Thursday, October 09, 2014

5 Reasons Why You Need Lightroom

I'm going to give you five reasons why you need Adobe Lightroom to manage your photos.

First, a brief paragraph about what Adobe Lightroom is. According to Wikipedia, "Adobe Photoshop Lightroom is a photo editing and management computer program... designed to assist users in managing large quantities of digital images and doing post-production work." You'll see how it can help you.

1. Organize Your Photo Collection!
I have a system for organizing my photos. Train photos go into a folder structure organized by railway - BNSF, CEMR, CN, CP, and so forth. If it's not a specific railway, it goes under General Railroad and into a subfolder by location. Each photo is named like this: "engine# location yyyymmdd photographer". I put my initials on the end of my photos.

This worked well enough and I still do that. In Lightroom, though, you can tag photos with keywords to really help you organize them better. It's up to you how far you want to go with this but I generally tag photos with two or three keywords. An example:
Lightroom offers suggestions for keywords, apparently based on keywords used in other photos taken around the same time. You can see at the bottom that you can have user-defined keyword sets as well, so you might have an "engine set" with keywords like SD40, SD60, GP38 and so forth.

In the photo above, you can see my naming scheme at the top left and all the other "metadata" that Lightroom has... which leads me to...

2. Find Your Photos

Now that I'm using Lightroom, it's so much easier and faster to find photos. Let me give you an example.

I stumbled across a photo of Napadogan, New Brunswick online and shared it on the RailsNB Facebook group. A discussion started and I wanted to share a few more photos of when I visited Napadogan back in 2007. It was easy to go to Lightroom and search for that.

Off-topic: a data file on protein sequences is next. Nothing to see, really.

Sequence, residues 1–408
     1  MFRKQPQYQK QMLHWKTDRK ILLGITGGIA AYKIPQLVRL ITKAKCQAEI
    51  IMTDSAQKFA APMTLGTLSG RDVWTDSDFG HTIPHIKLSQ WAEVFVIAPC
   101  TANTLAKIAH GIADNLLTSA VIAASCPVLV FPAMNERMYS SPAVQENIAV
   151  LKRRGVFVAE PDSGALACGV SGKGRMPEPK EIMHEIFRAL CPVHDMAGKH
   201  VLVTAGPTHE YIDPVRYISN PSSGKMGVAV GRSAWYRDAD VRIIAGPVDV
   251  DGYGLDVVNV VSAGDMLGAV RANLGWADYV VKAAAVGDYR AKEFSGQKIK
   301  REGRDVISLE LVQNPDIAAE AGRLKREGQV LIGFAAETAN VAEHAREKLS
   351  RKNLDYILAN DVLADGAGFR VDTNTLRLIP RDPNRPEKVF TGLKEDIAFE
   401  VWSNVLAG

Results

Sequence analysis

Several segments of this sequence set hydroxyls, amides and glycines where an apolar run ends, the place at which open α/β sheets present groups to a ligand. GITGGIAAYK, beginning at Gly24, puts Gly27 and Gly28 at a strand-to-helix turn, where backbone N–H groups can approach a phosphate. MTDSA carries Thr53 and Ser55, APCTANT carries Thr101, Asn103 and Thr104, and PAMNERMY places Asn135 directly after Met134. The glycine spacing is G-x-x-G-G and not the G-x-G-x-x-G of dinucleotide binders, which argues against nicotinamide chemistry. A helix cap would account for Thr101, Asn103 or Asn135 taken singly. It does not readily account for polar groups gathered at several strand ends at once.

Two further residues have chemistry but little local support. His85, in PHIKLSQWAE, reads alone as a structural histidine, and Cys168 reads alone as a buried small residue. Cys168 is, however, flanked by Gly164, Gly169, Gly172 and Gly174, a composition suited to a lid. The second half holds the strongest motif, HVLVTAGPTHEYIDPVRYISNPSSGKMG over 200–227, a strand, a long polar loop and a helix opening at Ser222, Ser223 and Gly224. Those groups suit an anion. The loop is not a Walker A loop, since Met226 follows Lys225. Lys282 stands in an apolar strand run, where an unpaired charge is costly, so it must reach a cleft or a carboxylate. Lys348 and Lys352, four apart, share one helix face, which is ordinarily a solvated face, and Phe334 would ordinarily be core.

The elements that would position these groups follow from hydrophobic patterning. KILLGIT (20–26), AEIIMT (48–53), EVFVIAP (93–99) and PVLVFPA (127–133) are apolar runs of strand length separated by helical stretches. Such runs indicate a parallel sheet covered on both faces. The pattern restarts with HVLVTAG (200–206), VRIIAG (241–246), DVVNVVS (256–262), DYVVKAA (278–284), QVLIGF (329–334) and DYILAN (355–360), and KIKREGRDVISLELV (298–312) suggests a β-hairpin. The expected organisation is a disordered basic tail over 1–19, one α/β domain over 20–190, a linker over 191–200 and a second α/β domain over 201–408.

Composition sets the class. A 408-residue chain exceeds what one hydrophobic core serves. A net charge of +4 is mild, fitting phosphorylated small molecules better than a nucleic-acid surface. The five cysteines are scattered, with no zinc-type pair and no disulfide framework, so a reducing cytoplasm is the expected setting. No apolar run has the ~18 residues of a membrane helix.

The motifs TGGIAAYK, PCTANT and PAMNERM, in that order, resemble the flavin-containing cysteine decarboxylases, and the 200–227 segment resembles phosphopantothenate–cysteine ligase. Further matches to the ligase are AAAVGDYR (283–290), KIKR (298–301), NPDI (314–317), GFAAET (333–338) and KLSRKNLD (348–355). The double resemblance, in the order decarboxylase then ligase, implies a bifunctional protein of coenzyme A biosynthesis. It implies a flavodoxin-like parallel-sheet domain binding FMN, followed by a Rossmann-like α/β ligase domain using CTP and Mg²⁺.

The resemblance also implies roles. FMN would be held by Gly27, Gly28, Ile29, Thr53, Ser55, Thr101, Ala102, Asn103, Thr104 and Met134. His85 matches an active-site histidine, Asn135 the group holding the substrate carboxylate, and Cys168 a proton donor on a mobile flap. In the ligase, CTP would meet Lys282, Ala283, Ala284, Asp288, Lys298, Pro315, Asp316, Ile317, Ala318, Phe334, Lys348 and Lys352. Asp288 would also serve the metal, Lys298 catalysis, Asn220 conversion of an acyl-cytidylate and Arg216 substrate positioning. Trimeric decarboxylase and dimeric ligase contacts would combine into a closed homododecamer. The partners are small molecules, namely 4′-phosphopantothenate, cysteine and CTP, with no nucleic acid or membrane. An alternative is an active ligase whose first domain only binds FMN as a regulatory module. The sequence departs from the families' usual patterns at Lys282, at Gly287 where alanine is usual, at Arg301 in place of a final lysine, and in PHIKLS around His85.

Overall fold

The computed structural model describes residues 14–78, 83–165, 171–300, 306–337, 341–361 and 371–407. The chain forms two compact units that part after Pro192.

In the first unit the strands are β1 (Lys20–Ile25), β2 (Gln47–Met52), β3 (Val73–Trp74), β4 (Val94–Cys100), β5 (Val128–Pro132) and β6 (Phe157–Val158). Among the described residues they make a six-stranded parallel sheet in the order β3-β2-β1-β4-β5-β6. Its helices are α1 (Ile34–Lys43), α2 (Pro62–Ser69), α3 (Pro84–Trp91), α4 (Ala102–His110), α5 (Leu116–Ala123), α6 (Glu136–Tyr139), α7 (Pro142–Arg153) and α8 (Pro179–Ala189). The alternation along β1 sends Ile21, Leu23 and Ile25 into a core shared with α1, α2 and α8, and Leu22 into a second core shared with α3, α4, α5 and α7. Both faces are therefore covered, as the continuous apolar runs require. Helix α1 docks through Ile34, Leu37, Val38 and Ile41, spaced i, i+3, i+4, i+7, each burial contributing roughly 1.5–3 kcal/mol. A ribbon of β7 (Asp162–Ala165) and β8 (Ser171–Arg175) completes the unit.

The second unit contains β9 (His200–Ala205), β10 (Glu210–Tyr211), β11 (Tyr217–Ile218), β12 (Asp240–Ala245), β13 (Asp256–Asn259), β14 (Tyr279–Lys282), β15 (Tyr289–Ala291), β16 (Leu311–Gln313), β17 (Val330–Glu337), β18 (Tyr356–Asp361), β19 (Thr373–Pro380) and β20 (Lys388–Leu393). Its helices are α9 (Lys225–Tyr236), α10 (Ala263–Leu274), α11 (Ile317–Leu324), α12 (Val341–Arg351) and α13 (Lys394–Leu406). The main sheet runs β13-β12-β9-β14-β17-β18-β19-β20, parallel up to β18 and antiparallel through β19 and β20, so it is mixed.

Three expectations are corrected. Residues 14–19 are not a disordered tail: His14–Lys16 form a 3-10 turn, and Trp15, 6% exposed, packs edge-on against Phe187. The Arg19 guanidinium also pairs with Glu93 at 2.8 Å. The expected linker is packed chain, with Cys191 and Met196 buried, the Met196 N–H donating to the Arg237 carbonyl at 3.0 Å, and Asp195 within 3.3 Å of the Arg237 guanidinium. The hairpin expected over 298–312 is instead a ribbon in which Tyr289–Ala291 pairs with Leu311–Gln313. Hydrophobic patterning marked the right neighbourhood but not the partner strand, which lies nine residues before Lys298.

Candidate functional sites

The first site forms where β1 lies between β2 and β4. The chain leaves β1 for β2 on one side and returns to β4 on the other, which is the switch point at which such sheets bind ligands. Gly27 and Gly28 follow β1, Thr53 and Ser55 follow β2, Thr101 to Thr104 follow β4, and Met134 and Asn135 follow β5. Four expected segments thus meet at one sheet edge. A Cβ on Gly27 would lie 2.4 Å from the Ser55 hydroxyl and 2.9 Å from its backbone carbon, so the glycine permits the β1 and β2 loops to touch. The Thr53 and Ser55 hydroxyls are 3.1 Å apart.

Two seconds later, I had a list complete with thumbnails.


It's important to realize that all of the metadata is searchable. Some of the photos above were picked up because they were tagged with Napadogan, some because they had Napadogan in the file name, and some because they were in a folder called "Napadogan Sub". If you want, you can limit what metadata it searches. You can also search by date, by camera type, by rating and a number of other criteria in various combinations.

3. Kickass Photo Editing
Adobe Lightroom has great photo editing built in. The Develop mode takes you to a very powerful, integrated photo editor. It's not quite Photoshop, but you can do a lot with the Develop mode. For example, I took this photo:

and tweaked it in Lightroom to this:

just using the Develop module. Lightroom 5 added the "healing brush", long a favourite of Photoshop users. It's handy to fix little problems in the photo or remove things like power lines.

I'm still learning things in the Develop module. My new favourites are the graduated filter and the radial filter, both of which I used in the edit above. Lightroom keeps a history of all your edits (see left column of photo below) and you can roll back to any previous edit at any time. It does not modify the original photo file at all.

4. Publishing Made Easy!
Once you've edited your photo, Lightroom makes it easy to publish your photo.

You can right-click on any photo and export it to a file. The power comes from building presets to publish it just the way you like. For example, I have a preset called Export to Web that does the following:

  • Places the exported file in a known folder
  • Sets JPEG image quality to 68
  • Resizes it so the longest edge is 1600 pixels
  • Sharpens it for screen viewing
  • Adds my watermark to the bottom left corner


Lightroom also has Publish Services. These are for specific web sites such as Flickr, 500px, Facebook and so forth. You can just drag your photo(s) onto one of the services, and when you're ready, right-click and select Publish and Lightroom will take care of publishing your photo(s) there.

5. Mobile Editing
The latest version of Lightroom allows you to rate and edit your photos on your iPad or iPhone (sorry, Android not available.. yet) via Lightroom Mobile. This is a powerful extension of Lightroom so you can take it with you and work on your photos offline. It requires Lightroom CC (see below).

Another way to edit your Lightroom photos is via the Mosaic plugin for Lightroom. It is similar to Lightroom Mobile but does not allow editing the photo itself. However, it works with the regular Lightroom.

I'm Sold! How To Buy
Lightroom is sold in two flavours... Lightroom and Lightroom Creative Cloud (CC). The original Lightroom is like most software - you purchase it once and it's yours forever, at least until the next major revision comes out. Lightroom CC is a subscription service and you pay monthly forever to use the software.